Although not unanimous, Brazilian cocoa growers are supporting the government's official position against export quotas under the International Cocoa Organization.

An official source close to the ICCO negotiations said Brazil's government was against any sort of price management system, be it quotas or retention. "We are against quotas as a matter of principle," the source said. "The government doesn't want to put public money into managing quotas when we can hardly cope with basic needs like health and education." The source spoke on condition of anonymity.Brazil was looking for a formula to continue international cooperation without resorting to economic clauses such as export quotas, he said.

"The European Community has suggested some sort of withholding scheme - which doesn't seem very fair, since all the stocks are held in Europe, in the hands of the consumer countries," he said.

"Brazil wants to participate in all dialogues, but we want a long- lasting solution, not export quotas which have merely a short-term effect on prices," he said. Current ICCO stocks are some 250,000 metric tons.

The ICCO met in mid-February to discuss possible mechanisms to boost world cocoa prices. The large majority of delegates to the ICCO meeting recommended a new International Cocoa Agreement formed with economic clauses to be determined through negotiation.

Most delegates agreed a short-term mechanism was needed for temporary intervention in the market, but there was no agreement on the form such a measure should take.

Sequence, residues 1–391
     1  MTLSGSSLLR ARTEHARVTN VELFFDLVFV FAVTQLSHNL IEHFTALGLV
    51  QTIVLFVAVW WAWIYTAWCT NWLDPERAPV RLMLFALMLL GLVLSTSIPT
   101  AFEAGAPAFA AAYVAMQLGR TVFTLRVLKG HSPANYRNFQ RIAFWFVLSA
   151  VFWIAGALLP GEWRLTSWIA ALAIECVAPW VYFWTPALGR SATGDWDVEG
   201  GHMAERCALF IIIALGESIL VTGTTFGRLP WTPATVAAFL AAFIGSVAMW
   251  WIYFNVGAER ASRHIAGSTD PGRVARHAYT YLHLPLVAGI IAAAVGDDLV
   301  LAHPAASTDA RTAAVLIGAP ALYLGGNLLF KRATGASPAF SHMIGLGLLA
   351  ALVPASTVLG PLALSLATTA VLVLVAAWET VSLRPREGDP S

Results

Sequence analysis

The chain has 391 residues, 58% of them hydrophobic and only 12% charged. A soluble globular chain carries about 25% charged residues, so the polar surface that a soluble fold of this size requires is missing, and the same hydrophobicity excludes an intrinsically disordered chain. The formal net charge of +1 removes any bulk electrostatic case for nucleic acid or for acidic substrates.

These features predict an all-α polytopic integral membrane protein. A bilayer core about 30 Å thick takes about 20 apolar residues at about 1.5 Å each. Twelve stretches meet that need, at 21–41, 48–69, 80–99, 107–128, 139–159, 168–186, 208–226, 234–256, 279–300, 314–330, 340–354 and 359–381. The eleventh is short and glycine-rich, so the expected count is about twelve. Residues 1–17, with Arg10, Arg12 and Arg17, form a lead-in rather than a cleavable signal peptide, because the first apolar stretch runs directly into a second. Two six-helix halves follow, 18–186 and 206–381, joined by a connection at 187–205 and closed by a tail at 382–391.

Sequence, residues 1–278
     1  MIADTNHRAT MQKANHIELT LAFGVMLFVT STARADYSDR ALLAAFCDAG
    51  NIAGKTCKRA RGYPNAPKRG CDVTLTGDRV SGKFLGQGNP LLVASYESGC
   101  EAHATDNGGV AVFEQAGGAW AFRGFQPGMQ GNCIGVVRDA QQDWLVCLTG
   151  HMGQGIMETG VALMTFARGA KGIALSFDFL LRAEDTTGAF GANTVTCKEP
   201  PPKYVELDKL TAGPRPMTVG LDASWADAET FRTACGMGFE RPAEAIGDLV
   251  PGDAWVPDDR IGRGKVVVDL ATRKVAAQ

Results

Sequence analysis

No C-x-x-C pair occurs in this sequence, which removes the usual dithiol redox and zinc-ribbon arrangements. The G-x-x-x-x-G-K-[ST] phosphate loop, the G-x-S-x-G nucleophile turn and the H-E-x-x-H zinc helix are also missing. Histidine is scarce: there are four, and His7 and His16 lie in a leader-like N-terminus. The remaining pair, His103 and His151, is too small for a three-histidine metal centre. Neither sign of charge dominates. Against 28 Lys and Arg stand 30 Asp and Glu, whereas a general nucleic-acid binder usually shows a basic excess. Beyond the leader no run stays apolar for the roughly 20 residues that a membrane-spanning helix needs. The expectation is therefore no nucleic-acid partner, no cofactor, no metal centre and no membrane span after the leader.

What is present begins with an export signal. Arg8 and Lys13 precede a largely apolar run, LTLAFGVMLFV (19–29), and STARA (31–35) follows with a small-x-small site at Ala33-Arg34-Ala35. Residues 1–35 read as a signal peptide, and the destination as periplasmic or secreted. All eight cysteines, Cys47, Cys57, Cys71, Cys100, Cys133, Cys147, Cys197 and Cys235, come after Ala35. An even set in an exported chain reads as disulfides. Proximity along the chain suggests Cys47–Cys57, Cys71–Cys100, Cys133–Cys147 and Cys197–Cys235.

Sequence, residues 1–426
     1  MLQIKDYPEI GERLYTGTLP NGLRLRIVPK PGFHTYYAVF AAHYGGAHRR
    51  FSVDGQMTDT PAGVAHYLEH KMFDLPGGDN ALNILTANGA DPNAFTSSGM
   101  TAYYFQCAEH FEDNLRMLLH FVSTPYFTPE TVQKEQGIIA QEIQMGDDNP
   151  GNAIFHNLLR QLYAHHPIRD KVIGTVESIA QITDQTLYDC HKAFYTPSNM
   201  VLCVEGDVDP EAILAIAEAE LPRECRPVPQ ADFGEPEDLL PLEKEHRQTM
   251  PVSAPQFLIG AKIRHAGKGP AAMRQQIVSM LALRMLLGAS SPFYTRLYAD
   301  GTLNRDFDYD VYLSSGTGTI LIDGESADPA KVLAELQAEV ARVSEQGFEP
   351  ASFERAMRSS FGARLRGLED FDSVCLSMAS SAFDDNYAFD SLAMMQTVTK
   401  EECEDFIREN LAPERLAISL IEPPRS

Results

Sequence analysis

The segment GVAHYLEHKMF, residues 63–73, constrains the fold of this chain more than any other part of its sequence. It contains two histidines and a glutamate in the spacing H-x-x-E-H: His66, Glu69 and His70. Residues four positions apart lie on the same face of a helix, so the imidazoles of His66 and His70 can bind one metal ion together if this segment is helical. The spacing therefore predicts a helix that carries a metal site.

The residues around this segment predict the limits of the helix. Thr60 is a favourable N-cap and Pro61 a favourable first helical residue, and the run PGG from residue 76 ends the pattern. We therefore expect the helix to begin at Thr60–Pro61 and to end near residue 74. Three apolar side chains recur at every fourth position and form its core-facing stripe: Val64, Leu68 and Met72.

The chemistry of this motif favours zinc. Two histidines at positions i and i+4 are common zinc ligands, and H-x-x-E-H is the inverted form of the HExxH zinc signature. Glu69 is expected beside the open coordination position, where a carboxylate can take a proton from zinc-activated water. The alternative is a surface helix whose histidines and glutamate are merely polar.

Another ICCO meeting to discuss price-management mechanisms has been scheduled for April 21 through May 1 in Geneva, under the auspices of the United Nations Council on Trade and Development.

Helio Bandeira Neves, president of the National Cocoa Producers Council, represents one of the many private-sector groups opposed to price-management mechanisms.

"What we need instead of quotas are technical-assistance agreements with consumer countries to develop the industrial applications of cocoa and to discourage indiscriminate planting," Mr. Neves said.

By diversifying the end-products of cocoa, producers would no longer be solely dependent on half-a-dozen exporters and the chocolate industry, he said.

Mr. Neves said quota systems were in opposition to the philosophy of the General Agreement on Tariffs and Trade.

"Besides, quotas are useless. They amount to the same thing as the ICCO buffer stock, which is nothing more than centralized quotas. Theoretically, prices some day will rise on short supplies, the ICCO will release its buffer stock, and prices will plummet. I see no point to these instruments, no matter what the commodity," he said.

Yet some producers said they feel the need of a price management system of some kind, even if it is not a classic export-quota scheme.

Nilo Pedreira, vice-president for international affairs of the Brazilian Cocoa Growers' Association, said "some sort of International Cocoa Agreement that serves to raise prices" is needed on the international level.